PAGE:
I know people who watch Fox "news" (I stopped watching all cable news a long time ago.) I even know people who cling to the idea that it's "fair and balanced." (Which is like saying grits ain't groceries, eggs ain't poultry, and Mona Lisa was a man.) Shall we now all admit that watching Fox "news" is an exercise in bias-reinforcement? If that's what you need, fine. But call it what it is. Propaganda, pure and simple.
At the height of the health care reform debate last fall, Bill Sammon, Fox News' controversial Washington managing editor, sent a memo directing his network's journalists not to use the phrase "public option."
Instead, Sammon wrote, Fox's reporters should use "government option" and similar phrases -- wording that a top Republican pollster had recommended in order to turn public opinion against the Democrats' reform efforts....
...Two months prior to Sammon's 2009 memo, Republican pollster Frank Luntz appeared on Sean Hannity's August 18 Fox News program. Luntz scolded Hannity for referring to the "public option" and encouraged Hannity to use "government option" instead.
Luntz argued that "if you call it a 'public option,' the American people are split," but that "if you call it the 'government option,' the public is overwhelmingly against it." Luntz explained that the program would be "sponsored by the government" and falsely claimed that it would also be "paid for by the government."
"You know what," Hannity replied, "it's a great point, and from now on, I'm going to call it the government option." ...... The next morning, October 27, Sammon sent an email to the staffs of Special Report, Fox News Sunday, and FoxNews.com, as well as to other reporters and producers at the network. The subject line read: "friendly reminder: let's not slip back into calling it the 'public option.' "
Foxians like to separate their "opinion" shows (ie, ones based on craziness) from their "straight news" (ie, thinly disguised manipulation based, among other things, on highly selective editorial choices.) But here's an example of one of their so-called straight ones:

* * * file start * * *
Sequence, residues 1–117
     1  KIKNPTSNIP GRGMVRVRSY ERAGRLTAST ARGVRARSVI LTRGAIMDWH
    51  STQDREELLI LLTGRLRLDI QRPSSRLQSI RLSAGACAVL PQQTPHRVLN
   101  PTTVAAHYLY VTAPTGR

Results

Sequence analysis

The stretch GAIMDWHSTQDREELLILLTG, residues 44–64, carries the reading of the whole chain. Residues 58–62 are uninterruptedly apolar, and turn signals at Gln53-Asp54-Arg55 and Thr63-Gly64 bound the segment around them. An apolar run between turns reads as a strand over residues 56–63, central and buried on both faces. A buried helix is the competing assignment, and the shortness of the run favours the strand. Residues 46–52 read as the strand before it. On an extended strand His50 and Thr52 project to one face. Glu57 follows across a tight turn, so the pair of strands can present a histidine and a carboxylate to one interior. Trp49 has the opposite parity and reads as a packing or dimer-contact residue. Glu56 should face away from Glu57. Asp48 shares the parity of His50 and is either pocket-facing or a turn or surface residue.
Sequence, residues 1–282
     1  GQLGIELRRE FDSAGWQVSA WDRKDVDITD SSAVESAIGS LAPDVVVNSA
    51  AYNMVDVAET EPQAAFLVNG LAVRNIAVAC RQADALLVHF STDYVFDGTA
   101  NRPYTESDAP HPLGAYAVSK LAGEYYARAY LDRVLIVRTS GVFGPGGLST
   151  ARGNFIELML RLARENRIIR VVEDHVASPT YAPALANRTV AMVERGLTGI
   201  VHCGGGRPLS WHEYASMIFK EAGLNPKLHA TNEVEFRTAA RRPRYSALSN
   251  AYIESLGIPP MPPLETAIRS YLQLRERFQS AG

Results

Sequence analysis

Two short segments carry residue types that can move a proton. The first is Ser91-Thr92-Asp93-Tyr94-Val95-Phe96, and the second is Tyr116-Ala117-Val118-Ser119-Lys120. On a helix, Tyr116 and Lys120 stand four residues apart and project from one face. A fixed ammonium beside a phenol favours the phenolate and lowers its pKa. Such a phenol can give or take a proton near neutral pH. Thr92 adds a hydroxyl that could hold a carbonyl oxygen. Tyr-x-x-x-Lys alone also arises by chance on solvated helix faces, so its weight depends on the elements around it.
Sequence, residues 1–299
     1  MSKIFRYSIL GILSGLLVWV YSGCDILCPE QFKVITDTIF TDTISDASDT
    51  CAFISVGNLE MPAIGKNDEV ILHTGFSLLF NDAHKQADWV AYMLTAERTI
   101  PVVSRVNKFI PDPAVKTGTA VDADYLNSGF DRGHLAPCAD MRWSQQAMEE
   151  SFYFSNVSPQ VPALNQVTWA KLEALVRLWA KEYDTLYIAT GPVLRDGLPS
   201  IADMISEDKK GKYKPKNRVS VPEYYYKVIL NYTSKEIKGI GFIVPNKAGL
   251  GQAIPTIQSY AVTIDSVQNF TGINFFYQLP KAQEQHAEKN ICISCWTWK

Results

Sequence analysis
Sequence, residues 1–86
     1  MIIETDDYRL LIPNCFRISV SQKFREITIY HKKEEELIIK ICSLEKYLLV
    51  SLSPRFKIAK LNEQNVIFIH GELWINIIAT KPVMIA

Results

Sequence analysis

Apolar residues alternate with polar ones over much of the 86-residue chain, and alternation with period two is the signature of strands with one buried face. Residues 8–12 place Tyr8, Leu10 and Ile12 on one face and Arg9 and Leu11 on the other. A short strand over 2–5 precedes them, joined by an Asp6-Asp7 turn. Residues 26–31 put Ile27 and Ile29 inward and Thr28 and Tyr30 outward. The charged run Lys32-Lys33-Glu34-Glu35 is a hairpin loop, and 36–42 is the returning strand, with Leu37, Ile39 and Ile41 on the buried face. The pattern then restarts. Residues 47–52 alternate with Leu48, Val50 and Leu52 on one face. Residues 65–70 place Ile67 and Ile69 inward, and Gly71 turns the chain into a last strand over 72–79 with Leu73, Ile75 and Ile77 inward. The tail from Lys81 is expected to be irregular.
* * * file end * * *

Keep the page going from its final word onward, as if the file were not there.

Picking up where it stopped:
First, on Bill O'Reilly's show Tuesday, ("news"man James) Rosen argued, with a perfectly straight face, that President Obama had raised some serious concerns about national security because he had described Republicans in Congress as "hostage takers" with whom he had negotiated:
Rosen: One other point, Bill, if I may, and this should concern a broader spectrum than just the president and his supporters. And that is the potential national security implications of a president of the United States broadcasting to the world that he is willing to negotiate with hostage takers if he believes the hostage is being harmed.
O'Reilly actually burst out laughing, assuming that Rosen was kidding. He wasn't.
Then yesterday, on Happening Now, Rosen followed up with a segment about Obama's record regarding how well he's keeping his promises. It featured a clip of Obama saying, "Look at what I promised during the campaign. There is not a single thing that I said that I would do that I have not either done or tried to do," and "And if I haven't gotten it done yet, I'm still trying to do it."
Rosen then told his audience: "That leaves little terrain as ground for contradiction, and yet the Pulitzer Prize winning website PolitiFact.com lists more than 500 broken Obama campaign promises."
But as Simon Easter at Media Matters observes, that's a far cry from what PolitiFact actually reports -- namely, that of the 506 campaign promises they've monitored, Obama has actually broken only 24 of them:
Perhaps it's just stupidity: it is, after all, hard to read a graph with all those numbers on it. Categories 'n stuff. Nor do any of their bright lights emanate a lot of candlepower. So, yeah, guess the guy could just be an idiot. Or, to put it more properly, his idiocy could be all-encompassing. Still, it's a pretty hard thing to misread.
Many people refer to Fox and MSNBC as if they're two pees in a pot. I admit KO can get pretty sanctimonious and -- what shall we call it?? -- screamy. But I've never heard him boldly lie about something the way the opinionators do at Fox. And when he makes an error, he corrects it. Quickly. Moreover, there's simply no equivalent on Fox to Rachel Maddow, whom I've also stopped watching (but because she's so right and so informed and so smart, what she says is irrefutably depressing.) None, over there. None with her smarts, her precision, her fairness -- yes, fairness -- to people from the other side that she invites on her show (fewer and fewer of whom are willing to be seen forced to defend themselves against actual facts.) Nor is there any equivalent on Fox of Joe Scarborough.
So, Foxophiles. At least admit why you watch and what you get out of it: validation, reinforcement, the ability to maintain tightly-held beliefs in the face of controverting fact. Recognition is the first step to intellectual freedom.
Then, maybe, we can get you to see -- and then admit -- how dangerous and damaging is a network with no scruples whatsoever; with an extreme agenda for the promotion of which they'll stop at nothing. Certainly not at any line beyond facts.